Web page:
Ocean City scrambles as Earl whirls near

Boats lifted onto land; swimmers barred from deep water

  • Lifeguard Joya Canfield keeps an eye on the swimmers near the boardwalk beach area in Ocean City as Hurricane Earl makes its way to the coastal areas.
Lifeguard Joya Canfield keeps an eye on the swimmers near the… (Lloyd Fox, Baltimore Sun )
September 01, 2010|By Julie Scharper, The Baltimore Sun

OCEAN CITY — — Boaters called the Sunset Marina with two kinds of questions Wednesday: Was it true that white marlin were biting in record numbers? And could their boats be hauled onto land before Hurricane Earl threatened the shore on Friday?

"The weather is going to turn fast," said marina manager Brian G. Tinkler, who expects to bring in as many as 100 vessels before the storm strikes. "Wind is a huge concern. The tidal surge can push boats up above the pilings."

Workers pulled dozens of boats from the water Wednesday, hoisting 30-ton yachts with giant cranes and lifting smaller craft with machines resembling oversized forklifts. But many devoted fishermen wanted to spend one more day on the water before bringing in their boats.

"With the bite being so good, a lot of guys want to stay out there," said Tinkler, adding that one vessel from the marina had reeled in 56 marlin earlier this week.

As Earl spun toward the coast of North Carolina Wednesday, officials and residents here scrambled to prepare the Eastern Shore resort town for a close brush with the storm on the eve of one of the busiest weekends of the summer.

With riptides roiling the surf, lifeguards barred swimmers from entering water deeper than their knees. Residents lugged furniture in from patios and decks, and officials reviewed evacuation plans in the unlikely event the storm were to change course and take aim for Maryland.

Forecasters predicted the hurricane would pass about 200 miles off the coast Friday, bringing high winds and rain.

But it was difficult to imagine the storm's arrival Wednesday as a hot sun bore down on the boardwalk. Children chased sea gulls along the sand and kites wove high in the clear, bright sky. Families sprawled on blankets, savoring Thrasher's french fries and soft ice cream cones while keeping an eye on the surf churned by the still-distant hurricane.

"It's a little bit deceiving, because it's beautiful out there," said Lt. Ward Kovacs of the Ocean City Beach Patrol. He urged swimmers to stay near lifeguards and to keep out of the water when guards are not on duty.

Swimmers will likely be barred from entering deeper water today, Kovacs said, and all swimming could be prohibited as Earl surges closer.

The sea has been rough since the weekend, when one man drowned and 500 swimmers had to be rescued by lifeguards. Kovacs said the approaching storm has exacerbated the riptides that are common in late summer.

"We're seeing the first part of the effects of the hurricane," he said. "As as the storm gets closer, it's only going to get worse."

Ocean City officials will decide today whether to open an emergency operations center, said Joseph Theobald, the city's director of emergency services.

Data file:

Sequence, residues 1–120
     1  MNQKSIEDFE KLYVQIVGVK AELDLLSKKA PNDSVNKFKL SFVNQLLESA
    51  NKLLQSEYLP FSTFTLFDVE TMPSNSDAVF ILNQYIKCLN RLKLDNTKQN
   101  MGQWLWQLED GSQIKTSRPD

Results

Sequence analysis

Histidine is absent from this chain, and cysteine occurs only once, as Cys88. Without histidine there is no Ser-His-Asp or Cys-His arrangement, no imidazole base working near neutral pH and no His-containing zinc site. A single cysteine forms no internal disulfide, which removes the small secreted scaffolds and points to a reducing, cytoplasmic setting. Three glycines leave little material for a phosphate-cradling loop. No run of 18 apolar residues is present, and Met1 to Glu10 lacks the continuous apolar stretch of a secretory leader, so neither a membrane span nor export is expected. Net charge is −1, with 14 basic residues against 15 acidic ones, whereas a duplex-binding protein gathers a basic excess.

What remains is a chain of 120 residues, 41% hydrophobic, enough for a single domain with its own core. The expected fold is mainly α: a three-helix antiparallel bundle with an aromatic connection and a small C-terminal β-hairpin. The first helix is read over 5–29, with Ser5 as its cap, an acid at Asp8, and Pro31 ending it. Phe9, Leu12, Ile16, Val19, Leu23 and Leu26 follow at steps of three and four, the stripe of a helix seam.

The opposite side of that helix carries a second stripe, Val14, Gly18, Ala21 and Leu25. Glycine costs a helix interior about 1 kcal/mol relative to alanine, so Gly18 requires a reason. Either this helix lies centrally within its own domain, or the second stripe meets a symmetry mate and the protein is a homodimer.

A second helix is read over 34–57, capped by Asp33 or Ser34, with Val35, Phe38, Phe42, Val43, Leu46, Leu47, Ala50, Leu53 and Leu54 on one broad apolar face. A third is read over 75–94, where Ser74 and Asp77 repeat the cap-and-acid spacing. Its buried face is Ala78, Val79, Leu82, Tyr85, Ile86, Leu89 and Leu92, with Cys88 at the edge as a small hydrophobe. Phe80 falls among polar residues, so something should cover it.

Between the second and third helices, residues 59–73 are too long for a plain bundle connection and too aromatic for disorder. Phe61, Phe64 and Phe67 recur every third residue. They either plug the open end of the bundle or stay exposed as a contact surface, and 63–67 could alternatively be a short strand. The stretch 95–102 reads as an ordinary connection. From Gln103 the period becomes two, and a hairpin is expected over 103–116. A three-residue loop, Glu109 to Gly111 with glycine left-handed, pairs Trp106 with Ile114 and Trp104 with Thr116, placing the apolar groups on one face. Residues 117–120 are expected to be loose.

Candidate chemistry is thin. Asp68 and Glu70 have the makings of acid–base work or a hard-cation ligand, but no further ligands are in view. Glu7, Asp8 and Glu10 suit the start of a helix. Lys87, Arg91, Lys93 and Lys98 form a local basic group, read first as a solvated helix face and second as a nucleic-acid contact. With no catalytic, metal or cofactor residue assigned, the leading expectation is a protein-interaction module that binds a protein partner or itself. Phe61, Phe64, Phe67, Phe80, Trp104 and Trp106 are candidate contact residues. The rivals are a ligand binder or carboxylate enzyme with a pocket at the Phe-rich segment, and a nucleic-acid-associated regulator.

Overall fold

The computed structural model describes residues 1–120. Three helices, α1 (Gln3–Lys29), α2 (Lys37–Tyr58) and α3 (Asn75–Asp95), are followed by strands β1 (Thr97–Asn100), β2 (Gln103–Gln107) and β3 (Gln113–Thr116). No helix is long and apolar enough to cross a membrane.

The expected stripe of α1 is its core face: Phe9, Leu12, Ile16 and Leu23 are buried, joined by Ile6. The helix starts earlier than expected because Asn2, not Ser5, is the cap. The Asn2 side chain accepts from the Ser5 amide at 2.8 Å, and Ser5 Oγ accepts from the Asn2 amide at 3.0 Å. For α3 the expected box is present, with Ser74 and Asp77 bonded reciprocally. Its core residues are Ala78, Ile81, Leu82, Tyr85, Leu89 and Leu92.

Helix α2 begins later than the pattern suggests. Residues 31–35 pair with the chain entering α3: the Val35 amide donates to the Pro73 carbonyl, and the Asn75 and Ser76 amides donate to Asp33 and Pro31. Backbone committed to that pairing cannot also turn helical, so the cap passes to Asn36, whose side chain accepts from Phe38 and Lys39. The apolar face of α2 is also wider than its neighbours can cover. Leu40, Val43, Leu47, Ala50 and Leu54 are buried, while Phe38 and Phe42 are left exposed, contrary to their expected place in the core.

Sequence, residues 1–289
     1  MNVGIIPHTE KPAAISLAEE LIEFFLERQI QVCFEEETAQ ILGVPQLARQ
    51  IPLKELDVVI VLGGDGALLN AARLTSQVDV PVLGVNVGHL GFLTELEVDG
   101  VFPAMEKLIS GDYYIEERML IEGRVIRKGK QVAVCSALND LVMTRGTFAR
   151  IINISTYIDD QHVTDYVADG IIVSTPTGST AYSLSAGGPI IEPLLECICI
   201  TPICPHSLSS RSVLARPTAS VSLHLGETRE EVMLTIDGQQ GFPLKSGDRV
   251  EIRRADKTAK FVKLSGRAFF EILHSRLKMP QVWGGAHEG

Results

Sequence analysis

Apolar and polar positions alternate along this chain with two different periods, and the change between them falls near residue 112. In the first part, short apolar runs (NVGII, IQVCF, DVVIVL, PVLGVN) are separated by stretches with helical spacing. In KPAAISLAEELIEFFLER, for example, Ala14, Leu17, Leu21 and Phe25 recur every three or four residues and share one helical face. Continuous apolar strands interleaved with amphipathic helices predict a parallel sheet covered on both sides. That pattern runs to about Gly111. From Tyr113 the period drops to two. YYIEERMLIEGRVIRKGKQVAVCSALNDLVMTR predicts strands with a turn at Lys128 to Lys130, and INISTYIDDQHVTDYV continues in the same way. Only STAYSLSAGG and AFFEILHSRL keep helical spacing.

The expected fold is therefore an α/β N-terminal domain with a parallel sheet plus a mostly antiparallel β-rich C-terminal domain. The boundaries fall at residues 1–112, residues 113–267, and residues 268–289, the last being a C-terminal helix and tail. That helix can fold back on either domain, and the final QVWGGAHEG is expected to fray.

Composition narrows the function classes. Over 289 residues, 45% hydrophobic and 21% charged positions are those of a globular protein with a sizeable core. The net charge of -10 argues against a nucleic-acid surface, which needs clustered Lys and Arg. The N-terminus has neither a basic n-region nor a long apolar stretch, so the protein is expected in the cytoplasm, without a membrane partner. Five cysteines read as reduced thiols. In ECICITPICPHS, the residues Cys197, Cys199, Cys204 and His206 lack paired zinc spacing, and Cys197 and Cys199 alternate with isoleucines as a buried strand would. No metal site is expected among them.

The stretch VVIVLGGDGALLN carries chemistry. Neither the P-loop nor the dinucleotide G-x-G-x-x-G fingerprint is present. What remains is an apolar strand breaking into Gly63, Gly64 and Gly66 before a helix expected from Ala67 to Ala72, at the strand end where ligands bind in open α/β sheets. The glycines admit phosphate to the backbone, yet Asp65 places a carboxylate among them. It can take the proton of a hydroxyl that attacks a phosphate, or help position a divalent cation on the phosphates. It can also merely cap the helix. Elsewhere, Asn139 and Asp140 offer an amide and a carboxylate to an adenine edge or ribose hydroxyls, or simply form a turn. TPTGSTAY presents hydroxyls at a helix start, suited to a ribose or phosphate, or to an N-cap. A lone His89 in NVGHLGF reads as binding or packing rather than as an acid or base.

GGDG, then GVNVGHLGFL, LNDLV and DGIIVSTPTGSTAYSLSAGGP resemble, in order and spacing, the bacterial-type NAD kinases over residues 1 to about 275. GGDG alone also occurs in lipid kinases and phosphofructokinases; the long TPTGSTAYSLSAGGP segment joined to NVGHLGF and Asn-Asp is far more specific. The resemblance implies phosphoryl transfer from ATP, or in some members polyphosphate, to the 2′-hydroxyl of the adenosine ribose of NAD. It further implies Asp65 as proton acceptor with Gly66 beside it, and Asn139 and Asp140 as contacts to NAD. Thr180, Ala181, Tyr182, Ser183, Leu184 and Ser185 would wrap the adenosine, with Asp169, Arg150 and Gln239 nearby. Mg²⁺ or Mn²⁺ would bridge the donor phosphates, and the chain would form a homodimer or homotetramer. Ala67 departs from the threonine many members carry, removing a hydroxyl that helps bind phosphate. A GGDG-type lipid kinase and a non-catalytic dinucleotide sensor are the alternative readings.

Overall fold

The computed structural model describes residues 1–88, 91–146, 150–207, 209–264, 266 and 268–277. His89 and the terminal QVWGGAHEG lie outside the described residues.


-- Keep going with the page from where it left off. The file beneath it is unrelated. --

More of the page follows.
Workers will likely close the sea gates along the sand dunes to minimize the effects of storm surges, remove beach trash cans and other objects that could be tossed by heavy winds, he said.

Ocean City has not been evacuated since Hurricane Gloria hit in 1985, and it appears unlikely that Earl will veer close enough to necessitate clearing people out, Kovacs said. But officials have drawn up plans for such an event, including removing some 5,000 European students who hold seasonal jobs at the beach.

Meanwhile, boardwalk bars sold hurricane drink specials, the Breakfast Cafe on Ocean Gateway offered "hurricane omelets," and shops advertised sales on windbreakers and umbrellas.

Ocean City spokeswoman Donna Abbott said Earl's likely impact on tourism during the ordinarily lucrative Labor Day weekend is unclear. Officials are urging visitors to avoid driving during the height of the storm, but hope that the sunny skies currently forecast for Saturday, Sunday and Monday will lure travelers to the Shore.

"Hopefully, there won't be a total washout," said Abbott.

At least one group of residents is eager for Earl's arrival: surfers. Mike Weston, a plumber with shaggy blond hair and a deep tan, turned down a weekend job in Washington to take advantage of the waves.

"These are definitely the best waves of the summer, high and clean," said Weston. He plans to surf today near Assateague Island and head back out once Earl has blown through.

"The best time to surf is right after a hurricane passes," he said.

At the marina, Bill Phillips scrubbed algae from the hull of his boat, No Patience, after it was hauled onto land. The Middletown, Del., resident had come to Ocean City to tend to the boat and carry in furniture from the porch of his vacation home.

"Everyone says it's not going to be bad, but I'm not taking a chance," he said.

Workers piloted Russ Garufi's 62-foot yacht into a contraption the size of a small house, positioned it in a massive sling and hauled up the 30-ton boat with a system of pulleys. Drops of water sparkled on the bow of the ship under the bright sun.

Garufi, a custom yacht builder, wanted to be sure the boat he crafted over two years was on land before Earl's arrival. Storm surges can loosen pilings and unmoor small boats, leading to smashed hulls, he said.

The Ocean City resident has seen the damage a storm can wreak on the peninsula. Gloria flooded his yard, leading him to scramble across a 40-foot ladder to reach his boat, he said.

Like many of his neighbors, he said he won't be able to rest until Earl has passed by.

"If it turns just a little bit, we're liable to get the brunt of it," he said. "I don't want to see the place get torn up."



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